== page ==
The first question that might occur to you is: "I have an IDE drive that was caching. But when I disabled it, my performance became less than expected. Why?"
Many of the IDE drives that are tested by Microsoft run at 5,200 RPM, and the SCSI drives at 7,200 RPM. When you disable the write caching of the IDE drive, the mechanical performance can become a factor.
To address the performance difference, the method to follow is clear: "Address the transaction rate."
Many online transaction processing (OLTP) systems require a high transaction rate. For these systems, consider using a caching controller that can appropriate support a write cache and provide the desired performance boost while still ensuring data integrity.
To observe significant performance changes that occur in SQL Server on a caching drive, the transaction rate was increased by using small transactions.
Testing shows that high writes activity of buffers that is less than 512 KB or greater than 2 MB can cause slow performance.
Consider the following example:
CREATE TABLE tblTest ( iID int IDENTITY(1,1), strData char(10)) GO SET NOCOUNT ON GO INSERT INTO tblTest VALUES ('Test') WHILE @@IDENTITY < 10000 INSERT INTO tblTest VALUES ('Test')
The following are sample test results for SQL Server:
SCSI(7200 RPM) 84 seconds SCSI(7200 RPM) 15 seconds (Caching controller) IDE(5200 RPM) 14 seconds (Drive cache enabled) IDE(5200 RPM) 160 seconds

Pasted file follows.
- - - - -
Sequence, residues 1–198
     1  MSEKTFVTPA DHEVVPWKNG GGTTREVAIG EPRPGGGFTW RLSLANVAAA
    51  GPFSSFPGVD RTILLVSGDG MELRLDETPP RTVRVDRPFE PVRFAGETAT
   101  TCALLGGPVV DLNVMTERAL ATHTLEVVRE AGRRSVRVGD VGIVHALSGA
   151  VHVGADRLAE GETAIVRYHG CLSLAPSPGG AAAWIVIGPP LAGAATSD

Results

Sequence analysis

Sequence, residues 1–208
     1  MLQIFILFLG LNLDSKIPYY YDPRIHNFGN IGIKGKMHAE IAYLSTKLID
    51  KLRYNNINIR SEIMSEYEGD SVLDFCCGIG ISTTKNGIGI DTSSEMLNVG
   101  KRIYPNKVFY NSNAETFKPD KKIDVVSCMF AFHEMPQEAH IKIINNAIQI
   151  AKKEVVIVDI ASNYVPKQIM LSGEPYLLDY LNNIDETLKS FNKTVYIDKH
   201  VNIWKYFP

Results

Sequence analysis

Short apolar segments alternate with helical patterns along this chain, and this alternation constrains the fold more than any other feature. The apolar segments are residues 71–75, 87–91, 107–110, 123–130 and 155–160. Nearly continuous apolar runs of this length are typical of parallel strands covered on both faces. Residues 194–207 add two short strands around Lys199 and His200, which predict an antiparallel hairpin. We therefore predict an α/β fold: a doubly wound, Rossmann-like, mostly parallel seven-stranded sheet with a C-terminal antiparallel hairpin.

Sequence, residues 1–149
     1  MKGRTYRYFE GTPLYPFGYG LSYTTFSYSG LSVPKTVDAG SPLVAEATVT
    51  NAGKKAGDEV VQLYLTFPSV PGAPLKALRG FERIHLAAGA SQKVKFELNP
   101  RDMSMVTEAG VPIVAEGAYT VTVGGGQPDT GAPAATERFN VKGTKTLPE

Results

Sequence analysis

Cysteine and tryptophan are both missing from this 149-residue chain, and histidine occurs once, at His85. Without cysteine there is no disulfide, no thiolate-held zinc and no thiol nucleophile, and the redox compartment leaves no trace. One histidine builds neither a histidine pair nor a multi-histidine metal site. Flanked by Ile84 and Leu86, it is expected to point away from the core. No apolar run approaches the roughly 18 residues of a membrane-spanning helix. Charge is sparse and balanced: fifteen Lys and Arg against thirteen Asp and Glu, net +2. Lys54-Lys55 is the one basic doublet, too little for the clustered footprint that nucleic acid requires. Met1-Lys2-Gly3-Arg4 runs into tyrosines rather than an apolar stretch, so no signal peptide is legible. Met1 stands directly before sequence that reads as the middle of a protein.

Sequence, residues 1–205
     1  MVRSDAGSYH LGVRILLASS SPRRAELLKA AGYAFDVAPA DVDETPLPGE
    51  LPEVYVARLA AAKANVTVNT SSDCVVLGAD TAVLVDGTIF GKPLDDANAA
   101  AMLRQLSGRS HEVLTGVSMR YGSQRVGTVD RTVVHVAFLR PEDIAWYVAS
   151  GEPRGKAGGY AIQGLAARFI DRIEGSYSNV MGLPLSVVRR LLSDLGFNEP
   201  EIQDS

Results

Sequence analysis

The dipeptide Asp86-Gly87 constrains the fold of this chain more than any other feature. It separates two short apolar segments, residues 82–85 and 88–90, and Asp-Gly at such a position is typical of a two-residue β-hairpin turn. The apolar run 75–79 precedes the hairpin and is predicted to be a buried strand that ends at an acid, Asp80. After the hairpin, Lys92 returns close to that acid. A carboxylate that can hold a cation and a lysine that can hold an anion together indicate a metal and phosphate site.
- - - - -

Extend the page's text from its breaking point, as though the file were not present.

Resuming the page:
The process of wrapping the entire series of
INSERT operations into a single transaction runs in approximately four seconds in all configurations. This is because of the number of log flushes that are required. If you do not create a single transaction, every
INSERT is processed as a separate transaction. Therefore, all the log records for the transaction must be flushed. Each flush is 512 bytes in size. This requires significant mechanical drive intervention.
When a single transaction is used, the log records for the transaction can be bundled, and a single, larger write can be used to flush the gathered log records. This significantly reduces the mechanical intervention.
We recommend that you do not increase your transaction scope. Long-running transactions can cause excessive and unwanted blocking and increased overhead. Use the SQL Server:Databases SQL Server performance counters to view the transaction log-based counters. Specifically, Log Bytes Flushed/sec can indicate many small transactions that can cause high mechanical disk activity.
Examine the statements that are associated with the log flush to determine whether the Log Bytes Flushed/sec value can be reduced. In the previous example, a single transaction was used. However, in many scenarios, this can cause undesired locking behavior. Examine the design of the transaction. You can use code similar to the following to run batches to reduce the frequent and small log flush activity:
BEGIN TRAN GO INSERT INTO tblTest VALUES ('Test') WHILE @@IDENTITY < 50 BEGIN INSERT INTO tblTest VALUES ('Test') if(0 = cast(@@IDENTITY as int) % 10) BEGIN PRINT 'Commit tran batch' COMMIT TRAN BEGIN TRAN END END GO COMMIT TRAN GO
SQL Server requires that systems support guaranteed delivery to stable media, as described in the SQL Server I/O Reliability Program Review Requirements download document. For more information about the input and output requirements for the SQL Server database engine, see Microsoft SQL Server Database Engine Input/Output Requirements